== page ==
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Digitization: Making the post office meaningful again

Evan Schuman | June 17, 2015
Postal executives see digitization as their salvation. But can anything save the USPS at this stage?

Of all of the digitization projects in the industry, the most significant might be the one being tackled by the U.S. Postal Service. As an entity, the USPS is getting hit from all sides, with new technologies and competitors impinging on all the things we used to rely on the post office for.

Letter writing has already been usurped by email and texting. Online alternatives seem poised to kill off bill paying by mail. Junk mail, which kept the USPS solvent for years, is being undercut by much cheaper email spam. The catalogues that once weighed down postal carriers are now being distributed as PDFs. And packages, one of the few remaining USPS cash cows left, are getting beaten up by FedEx, UPS and other distribution systems, all of which offer far more detailed and accurate tracking systems.

Postal executives see digitization as their salvation. But can anything save the USPS at this stage?

James Cochrane, who until a few weeks ago was the USPS CIO and who now serves as the USPS chief marketing officer, argues that digitization can and will make the difference. First of all, the USPS is embedded in every neighborhood throughout the U.S. in a way that no one else comes close to. It commands a 617,000-person workforce and runs the largest civilian vehicle fleet in the world (more than 211,000 vehicles).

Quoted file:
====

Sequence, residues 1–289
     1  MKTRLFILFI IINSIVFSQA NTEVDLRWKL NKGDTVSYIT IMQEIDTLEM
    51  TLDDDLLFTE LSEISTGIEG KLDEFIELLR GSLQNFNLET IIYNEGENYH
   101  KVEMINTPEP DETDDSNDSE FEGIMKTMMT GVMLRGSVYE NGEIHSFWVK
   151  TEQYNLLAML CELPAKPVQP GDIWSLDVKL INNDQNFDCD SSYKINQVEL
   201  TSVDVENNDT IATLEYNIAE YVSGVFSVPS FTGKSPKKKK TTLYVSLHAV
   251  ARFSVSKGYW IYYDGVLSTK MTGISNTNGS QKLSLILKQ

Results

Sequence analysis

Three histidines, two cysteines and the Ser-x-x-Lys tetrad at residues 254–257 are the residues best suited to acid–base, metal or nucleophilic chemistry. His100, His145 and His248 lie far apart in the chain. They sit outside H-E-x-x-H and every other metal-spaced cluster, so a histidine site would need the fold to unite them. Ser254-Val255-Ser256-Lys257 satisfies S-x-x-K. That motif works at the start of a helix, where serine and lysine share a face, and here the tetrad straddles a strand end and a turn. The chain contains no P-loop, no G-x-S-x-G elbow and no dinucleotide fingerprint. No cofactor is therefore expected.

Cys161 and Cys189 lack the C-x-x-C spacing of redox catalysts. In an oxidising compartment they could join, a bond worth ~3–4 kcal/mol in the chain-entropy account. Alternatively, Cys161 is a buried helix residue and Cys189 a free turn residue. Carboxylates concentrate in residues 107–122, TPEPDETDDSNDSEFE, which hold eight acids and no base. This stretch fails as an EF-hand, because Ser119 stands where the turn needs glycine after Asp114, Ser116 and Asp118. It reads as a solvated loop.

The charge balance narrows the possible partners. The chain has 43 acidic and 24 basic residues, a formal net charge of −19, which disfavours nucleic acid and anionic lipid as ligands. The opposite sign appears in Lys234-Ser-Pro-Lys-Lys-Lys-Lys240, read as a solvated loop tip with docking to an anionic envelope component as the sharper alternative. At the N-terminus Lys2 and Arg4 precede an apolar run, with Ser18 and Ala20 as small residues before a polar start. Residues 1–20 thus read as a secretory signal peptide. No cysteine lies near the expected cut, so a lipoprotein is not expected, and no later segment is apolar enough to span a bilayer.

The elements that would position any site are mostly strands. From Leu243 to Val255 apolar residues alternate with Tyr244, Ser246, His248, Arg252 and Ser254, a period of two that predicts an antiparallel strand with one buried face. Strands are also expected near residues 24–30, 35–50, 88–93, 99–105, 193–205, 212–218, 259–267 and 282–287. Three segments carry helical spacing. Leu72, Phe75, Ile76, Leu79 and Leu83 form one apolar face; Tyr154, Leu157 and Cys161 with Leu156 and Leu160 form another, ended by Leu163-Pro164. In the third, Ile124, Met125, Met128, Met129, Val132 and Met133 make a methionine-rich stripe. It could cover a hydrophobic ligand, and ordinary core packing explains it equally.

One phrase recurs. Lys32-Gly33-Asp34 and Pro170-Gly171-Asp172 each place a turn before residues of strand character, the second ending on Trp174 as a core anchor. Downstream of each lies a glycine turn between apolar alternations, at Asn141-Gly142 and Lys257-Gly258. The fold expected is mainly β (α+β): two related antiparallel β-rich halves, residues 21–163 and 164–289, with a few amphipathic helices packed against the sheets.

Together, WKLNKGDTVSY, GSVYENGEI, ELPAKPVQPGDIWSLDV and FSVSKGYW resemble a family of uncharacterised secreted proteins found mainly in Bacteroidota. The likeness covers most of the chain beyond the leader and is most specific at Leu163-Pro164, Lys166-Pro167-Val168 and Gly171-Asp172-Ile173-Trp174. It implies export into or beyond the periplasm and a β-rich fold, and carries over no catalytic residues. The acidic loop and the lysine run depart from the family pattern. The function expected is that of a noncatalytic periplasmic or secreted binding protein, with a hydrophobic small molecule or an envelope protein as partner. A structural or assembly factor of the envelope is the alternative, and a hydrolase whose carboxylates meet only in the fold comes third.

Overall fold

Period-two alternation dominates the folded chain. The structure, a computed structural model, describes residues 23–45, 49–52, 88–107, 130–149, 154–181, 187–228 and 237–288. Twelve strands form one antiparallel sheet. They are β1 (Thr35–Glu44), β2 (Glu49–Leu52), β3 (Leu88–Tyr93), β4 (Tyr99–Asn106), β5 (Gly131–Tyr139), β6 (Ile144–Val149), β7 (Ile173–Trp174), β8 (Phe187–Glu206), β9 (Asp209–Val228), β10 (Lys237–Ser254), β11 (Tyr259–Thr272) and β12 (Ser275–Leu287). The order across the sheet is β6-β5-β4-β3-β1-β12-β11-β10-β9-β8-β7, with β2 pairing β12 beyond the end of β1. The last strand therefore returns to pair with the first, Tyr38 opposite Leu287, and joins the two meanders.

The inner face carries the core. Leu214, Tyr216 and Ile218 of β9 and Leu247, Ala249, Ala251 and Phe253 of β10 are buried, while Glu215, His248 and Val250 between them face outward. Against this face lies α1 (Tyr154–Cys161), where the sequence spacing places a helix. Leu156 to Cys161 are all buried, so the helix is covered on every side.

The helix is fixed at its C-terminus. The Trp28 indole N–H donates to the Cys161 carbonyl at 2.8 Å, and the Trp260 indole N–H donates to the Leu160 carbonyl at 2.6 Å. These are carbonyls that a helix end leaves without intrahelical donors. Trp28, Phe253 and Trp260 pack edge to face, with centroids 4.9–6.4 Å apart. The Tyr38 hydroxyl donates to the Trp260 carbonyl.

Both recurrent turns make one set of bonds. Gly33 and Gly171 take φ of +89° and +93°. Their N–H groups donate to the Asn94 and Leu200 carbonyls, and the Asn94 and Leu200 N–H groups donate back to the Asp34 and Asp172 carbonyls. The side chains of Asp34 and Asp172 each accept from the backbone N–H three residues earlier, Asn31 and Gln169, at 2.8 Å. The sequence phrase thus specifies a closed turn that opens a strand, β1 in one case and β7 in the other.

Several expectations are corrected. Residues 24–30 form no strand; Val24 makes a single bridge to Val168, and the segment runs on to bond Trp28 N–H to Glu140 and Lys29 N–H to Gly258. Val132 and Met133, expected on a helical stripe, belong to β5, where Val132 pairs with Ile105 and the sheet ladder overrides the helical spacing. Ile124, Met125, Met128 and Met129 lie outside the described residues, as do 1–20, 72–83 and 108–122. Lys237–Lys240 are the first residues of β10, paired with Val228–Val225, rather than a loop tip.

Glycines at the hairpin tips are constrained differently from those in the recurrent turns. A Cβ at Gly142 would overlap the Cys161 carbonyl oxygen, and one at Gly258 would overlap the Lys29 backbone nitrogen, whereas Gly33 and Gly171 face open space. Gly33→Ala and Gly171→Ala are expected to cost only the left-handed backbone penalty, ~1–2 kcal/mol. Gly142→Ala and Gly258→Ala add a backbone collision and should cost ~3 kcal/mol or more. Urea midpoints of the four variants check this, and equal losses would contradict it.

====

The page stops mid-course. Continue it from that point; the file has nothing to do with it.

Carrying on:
From Cochrane's perspective, nothing can match that. USPS IT operations has a 38-petabyte database, managed by 3,000 different systems, 300,000 mobile devices — all of which are used to track more than 1.5 billion events every day. Not to mention protecting Santa Clause from the legal system.

For example, Cochrane's boss, Postmaster General Megan Brennan, is preparing a program called Real Mail Notification. It will message consumers exactly when their mail will arrive and what will be in it. The idea: make mail delivery an event that people look forward to.

Cochrane argues that much of email is distracting and that, by comparison, the infinitely more constrained physical mail delivery is a relaxing breather.

"Can we enhance the value of mail? The speed of email is true, but email gets crowded. We're inundated on the digital side. Being messaged this much is a bit overwhelming," he said in a Computerworld interview. The mail offers a "more targeted and passive way of approaching consumers. You have that moment when you go through your mail."

What about those digital ways of bill paying, promising greater convenience, speed and lower costs? Getting physical bills in the mail "is how customers still want to cut through all of that clutter. They are used to that routine of putting bills on their desk or however they pay that bill," Cochrane said.

 

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